Charles Hibbard in the Okeh studio, late 1925


Sonically, the new process was a step backwards in some regards. Although the overall response curve was generally smoother, the new recordings suffered from a peculiar “boxy” sound. After its acquisition by Columbia in late 1926, Okeh was, of course, licensed to use the Western Electric system, which it did superbly in the talented hands of Hibbard, Tommy Rockwell, and others. The “Truetone” process was promptly abandoned, although Okeh’s earliest Western Electric releases still bore old Truetone labels and showed only an inconspicuous “E” in the wax, rather than the tell-tale circled-W indicating the  Western Electric process.

Pathé’s New Process Recording system, announced in the early autumn of 1925, was also acoustic, despite Pathé’s allusions to experiments in “electrical and photo-electrical sound wave reproducing methods.” In reality, it was nothing more than an ultra-low speed version of Pathé’s traditional acoustic dubbing process, which involved copying cylinder masters to disc by means of a pantograph. The process seems primarily to have increased the rumble and other mechanical noise that had long plagued Pathé’s pantographed disc masters, in exchange for a slight gain in high-end response.

When Pathé finally did decide to produce electrical recordings in early 1926, it contracted the work to Herbert Berliner’s New York studio, as noted earlier in this article. Pathé began recording its own electrical masters at some point in 1927, coinciding with the last of Herbert Berliner’s New York sessions for the label. Touted to the trade as “Pathéphonic” (a term that did not appear on the record labels, being reserved mainly for Pathé’s new line of phonographs), the process produced rather muffled-sounding recordings.

The Cameo Record Corporation’s electrical system produced even more murky-sounding results. Experimentation had begun in mid-1925, following Cameo’s merger with David Grimes Radio. Inventor of the Grimes Inverse Duplex Circuit, David Grimes operated an audio research laboratory and radio factory in Jersey City, New Jersey. Given that, it appears likely that Cameo’s electrical recording system (which was not otherwise identified as to source in the trade papers) originated there. After a few isolated electrical sessions, Cameo commenced full-time electrical recording around March 1926. Although Cameo’s electrical recordings sound muddy to modern ears, The Talking Machine World professed fondness for them, declaring “the bass notes are particularly ‘rounded’ in the manner that is at present so popular.”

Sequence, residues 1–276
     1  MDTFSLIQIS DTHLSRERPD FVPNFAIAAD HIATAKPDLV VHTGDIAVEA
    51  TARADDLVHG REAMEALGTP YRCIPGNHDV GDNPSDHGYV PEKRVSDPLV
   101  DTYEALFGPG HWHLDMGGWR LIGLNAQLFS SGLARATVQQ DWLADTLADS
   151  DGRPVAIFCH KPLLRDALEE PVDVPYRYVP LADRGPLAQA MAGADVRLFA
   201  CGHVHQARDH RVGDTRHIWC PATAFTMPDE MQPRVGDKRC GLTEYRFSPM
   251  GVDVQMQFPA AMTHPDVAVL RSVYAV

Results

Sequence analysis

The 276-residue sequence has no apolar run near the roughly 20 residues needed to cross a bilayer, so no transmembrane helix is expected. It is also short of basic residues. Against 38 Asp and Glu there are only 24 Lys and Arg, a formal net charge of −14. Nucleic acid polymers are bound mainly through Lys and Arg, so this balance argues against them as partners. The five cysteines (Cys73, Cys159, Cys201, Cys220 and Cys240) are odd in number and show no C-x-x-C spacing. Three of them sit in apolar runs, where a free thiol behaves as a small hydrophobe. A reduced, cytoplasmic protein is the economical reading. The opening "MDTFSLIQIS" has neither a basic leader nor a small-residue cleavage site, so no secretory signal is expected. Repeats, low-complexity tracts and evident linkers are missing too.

Exactly what processes were employed by many of the other small companies will probably remain a mystery. Most apparently resorted to cobbled-together systems, with predictably poor results. The Plaza Music Company-Regal Record Company alliance — producers of Banner, Domino, Regal, and a large group of dime-store and mail-order client labels — issued several electrical recordings as early as July 1925, although it is not certain that they were Plaza’s own recordings. Regular electrical sessions began in late November 1925, and some electrical recordings of the crudest sort appeared among the March 1926 releases. The changeover was formally announced the following month, on the Banner and Regal labels. Plaza’s recording quality improved to some extent in 1927, after the Crystalate Gramophone Record Manufacturing Company of Great Britain acquired a part-interest in the company, but it remained substandard.

Even America’s shoddiest record producer — the Grey Gull Record Company, purveyors of gritty  20¢ discs that favored such artist credits as “Mr. X” — managed to cobble together an electrical system in the spring of 1926, which introduced distortion the likes of which have rarely been surpassed on commercially issued phonograph records.


Gennett: One Step Forward, One Step Backward

The Starr Piano Company’s Gennett records division lagged behind all other companies except Edison in converting to electrical recording. Like Pathé, Gennett commissioned some electrical recordings from Compo in early 1926. The company also recorded a few of its own electrical masters at about the same time, using General Electric equipment. The resulting records were issued with a small “GE” logo added to the standard Gennett label, and were of reasonably good quality. Gennett’s initial flirtation with the new process proved brief, however.

The Gennett files document frequent problems with the GE equipment. The Indiana studio proved to be especially problematic, with manager Fred Wiggins confiding to one performer, “We have been put out so many times in regard to the new electrical recordings that we have decided to put back our horn recording apparatus here in Richmond.” The “electric” notation disappears from Gennett’s New York and Richmond matrix ledgers in mid-March 1926. It does not reappear until October 1926, and then only sporadically at first, intermixed with the more numerous acoustically recorded masters.

With a small stock of electrical masters finally ready for release, the Gennett Electrobeam disc was formally announced in January 1927. The records, sporting a new label reminiscent of Victor’s scroll design, were touted as “Lightning Tuned to Music.” Some of the problems at the Richmond studio were resolved in early 1927, after Gordon Soule replaced E. C. A. “Eck” Wickemeyer as Gennett’s chief recording engineer.


Gennett engineer Gordon Soule and unidentified assistant on the road in 1927 with a GE electrical set-up. The presence of the antiquated acoustic horn and reproducer is puzzling; the photo caption offers no information on what purpose they might have served.